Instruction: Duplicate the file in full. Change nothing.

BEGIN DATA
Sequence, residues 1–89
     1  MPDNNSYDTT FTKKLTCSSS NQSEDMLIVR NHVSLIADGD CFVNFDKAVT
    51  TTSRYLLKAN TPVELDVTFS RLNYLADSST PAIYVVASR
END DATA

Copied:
Sequence, residues 1–89
     1  MPDNNSYDTT FTKKLTCSSS NQSEDMLIVR NHVSLIADGD CFVNFDKAVT
    51  TTSRYLLKAN TPVELDVTFS RLNYLADSST PAIYVVASR